cities in the index. Interestingly enough though, Auckland is ranked 3rd in the world on this index, which makes you wonder!
Vienna may be a very liveable and sustainability conscious city, but not all large cities fit this bill. Large cities occupy just 3% of land cover on earth, yet contribute up to 70% of energy consumption and GHG emissions. As a result, organisations such as World GBC and the Building Efficiency Accelerator are joining forces to try to curb the emissions of these cities, and support legislation so as to achieve their goals. The BEA has provided a roadmap containing 8 actions that can lead to more efficient and sustainable cities. These actions include all aspects of sustainable building from building efficiency codes and standards, to culture change in building owners, managers and occupants. Hopefully, this collaboration can achieve some historic results.
The move to a more urban life style, which is ever increasing, and even more so in developing areas (look to India & China and Nigeria), brings with it a number of risks. About 4 billion people, or 55% of the global population, live in what are considered urban areas. The sheer closeness in how we live increases the risk of sharing pathogens. Until about 12 months ago, who had heard of the Zika virus? Another issue is the need to ensure water is of a good quality, not just wade-able but drinkable. Quality housing and infrastructure are all the more important to combat these ‘new’ and worrying health risks.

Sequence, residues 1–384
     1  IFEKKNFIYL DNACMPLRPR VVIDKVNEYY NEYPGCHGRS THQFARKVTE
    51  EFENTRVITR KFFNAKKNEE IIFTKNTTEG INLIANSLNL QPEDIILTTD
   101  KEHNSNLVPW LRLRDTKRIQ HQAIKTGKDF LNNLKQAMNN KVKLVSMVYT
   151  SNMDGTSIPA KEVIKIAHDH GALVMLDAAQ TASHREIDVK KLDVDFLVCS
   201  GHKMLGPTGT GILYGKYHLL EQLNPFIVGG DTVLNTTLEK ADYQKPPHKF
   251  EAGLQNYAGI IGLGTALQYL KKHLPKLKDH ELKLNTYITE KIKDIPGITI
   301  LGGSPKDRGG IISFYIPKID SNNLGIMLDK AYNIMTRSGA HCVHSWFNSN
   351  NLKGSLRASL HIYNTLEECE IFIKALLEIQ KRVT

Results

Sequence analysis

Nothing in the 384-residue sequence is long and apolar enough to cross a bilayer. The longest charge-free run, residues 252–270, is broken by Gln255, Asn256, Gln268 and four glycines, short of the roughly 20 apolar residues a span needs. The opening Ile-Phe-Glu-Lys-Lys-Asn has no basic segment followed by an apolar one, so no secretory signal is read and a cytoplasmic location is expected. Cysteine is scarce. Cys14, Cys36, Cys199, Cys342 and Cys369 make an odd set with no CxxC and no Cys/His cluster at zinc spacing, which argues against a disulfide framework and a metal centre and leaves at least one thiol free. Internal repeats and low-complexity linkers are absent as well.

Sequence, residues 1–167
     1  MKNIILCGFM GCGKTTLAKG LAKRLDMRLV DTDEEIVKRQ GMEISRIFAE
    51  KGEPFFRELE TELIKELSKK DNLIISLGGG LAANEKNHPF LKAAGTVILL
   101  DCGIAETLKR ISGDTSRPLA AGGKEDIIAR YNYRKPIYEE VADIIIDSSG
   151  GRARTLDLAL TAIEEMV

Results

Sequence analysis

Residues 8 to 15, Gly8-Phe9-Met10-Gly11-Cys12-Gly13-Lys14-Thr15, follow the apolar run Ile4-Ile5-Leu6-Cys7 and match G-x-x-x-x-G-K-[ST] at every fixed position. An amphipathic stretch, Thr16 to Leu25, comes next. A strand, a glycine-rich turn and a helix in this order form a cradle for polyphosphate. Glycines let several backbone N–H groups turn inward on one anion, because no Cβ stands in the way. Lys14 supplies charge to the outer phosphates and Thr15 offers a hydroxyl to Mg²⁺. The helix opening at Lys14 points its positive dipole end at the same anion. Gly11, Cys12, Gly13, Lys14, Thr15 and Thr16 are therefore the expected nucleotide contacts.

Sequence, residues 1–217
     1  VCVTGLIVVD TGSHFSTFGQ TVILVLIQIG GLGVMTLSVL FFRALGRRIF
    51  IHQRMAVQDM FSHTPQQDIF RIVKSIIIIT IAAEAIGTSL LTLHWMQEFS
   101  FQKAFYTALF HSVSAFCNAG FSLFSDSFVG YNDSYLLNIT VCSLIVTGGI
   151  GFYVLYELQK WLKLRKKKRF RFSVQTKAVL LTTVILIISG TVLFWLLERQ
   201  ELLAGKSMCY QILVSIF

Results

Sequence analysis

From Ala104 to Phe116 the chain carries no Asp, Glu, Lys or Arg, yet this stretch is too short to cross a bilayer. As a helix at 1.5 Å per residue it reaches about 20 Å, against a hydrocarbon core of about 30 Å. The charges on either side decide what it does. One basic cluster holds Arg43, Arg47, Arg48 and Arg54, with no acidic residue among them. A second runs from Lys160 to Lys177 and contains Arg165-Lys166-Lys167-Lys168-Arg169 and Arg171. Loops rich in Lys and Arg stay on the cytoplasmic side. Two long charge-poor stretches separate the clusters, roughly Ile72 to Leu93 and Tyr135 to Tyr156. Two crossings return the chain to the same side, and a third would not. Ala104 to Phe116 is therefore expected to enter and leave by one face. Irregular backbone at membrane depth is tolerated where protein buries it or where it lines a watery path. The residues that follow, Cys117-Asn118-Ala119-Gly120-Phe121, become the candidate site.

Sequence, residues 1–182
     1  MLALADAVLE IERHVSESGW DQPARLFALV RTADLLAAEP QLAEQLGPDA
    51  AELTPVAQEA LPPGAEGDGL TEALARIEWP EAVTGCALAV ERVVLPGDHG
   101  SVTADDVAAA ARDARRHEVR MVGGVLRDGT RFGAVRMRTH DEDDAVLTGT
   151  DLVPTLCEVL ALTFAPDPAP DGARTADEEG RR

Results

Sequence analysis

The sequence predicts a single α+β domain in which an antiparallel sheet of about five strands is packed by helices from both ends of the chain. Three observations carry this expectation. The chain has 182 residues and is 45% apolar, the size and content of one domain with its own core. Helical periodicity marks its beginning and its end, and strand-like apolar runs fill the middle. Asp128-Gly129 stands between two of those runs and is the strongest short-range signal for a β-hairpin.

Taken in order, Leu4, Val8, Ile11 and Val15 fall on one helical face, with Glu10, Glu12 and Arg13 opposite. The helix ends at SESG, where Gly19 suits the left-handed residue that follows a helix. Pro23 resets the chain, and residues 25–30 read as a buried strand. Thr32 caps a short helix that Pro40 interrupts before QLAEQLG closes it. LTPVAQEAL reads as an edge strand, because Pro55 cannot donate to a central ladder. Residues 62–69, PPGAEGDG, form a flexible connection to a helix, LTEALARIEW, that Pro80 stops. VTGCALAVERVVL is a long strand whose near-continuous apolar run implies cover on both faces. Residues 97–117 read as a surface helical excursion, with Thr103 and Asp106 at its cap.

Current water and waste infrastructure around the world could buckle under climate change. The increased number and intensity of climate events that have triggered flooding have already shown a lot of the world’s drainage and pipes aren’t fit for purpose. A knock-on effect is waste entering water supply sources when it shouldn’t. A huge investment is required just to keep on top of aging infrastructure in this area.
Without clean water we die, or become very ill, as simple as that. The trouble is the world is now more polluted than ever before, so poor water quality is an issue that many of the world’s population experiences on a daily basis. But even in areas where water quality is considered to be good, problems can and do occur. A recent event in the Hawkes Bay, where thousands of people fell ill
after drinking the water, is an example close to home. Climate events can cause pathogens to enter water that is destined for human consumption. Massive investment in water infrastructure around the world is essential.
Next, we take a look at climate change’s impact on earthquakes. As the sea water warms due to climate change, it expands; this rise in volume upsets the balance of tectonic plates, says a new study. Our warming planet is impacting in many areas, and now we can add more frequent earthquakes to the mix. An area New Zealand is already too familiar with!
We finish up with a look at using methane backpacks for catching cow’s emissions, practicable you say! Who knows, but it’s important to look at all options in this area. And if it promotes the odd smile or three, it’s got to be good.
Thanks for taking the time to read this issue and we look forward to catching up with you again. If you have any items of interest you would like to submit, then please feel free to forward them.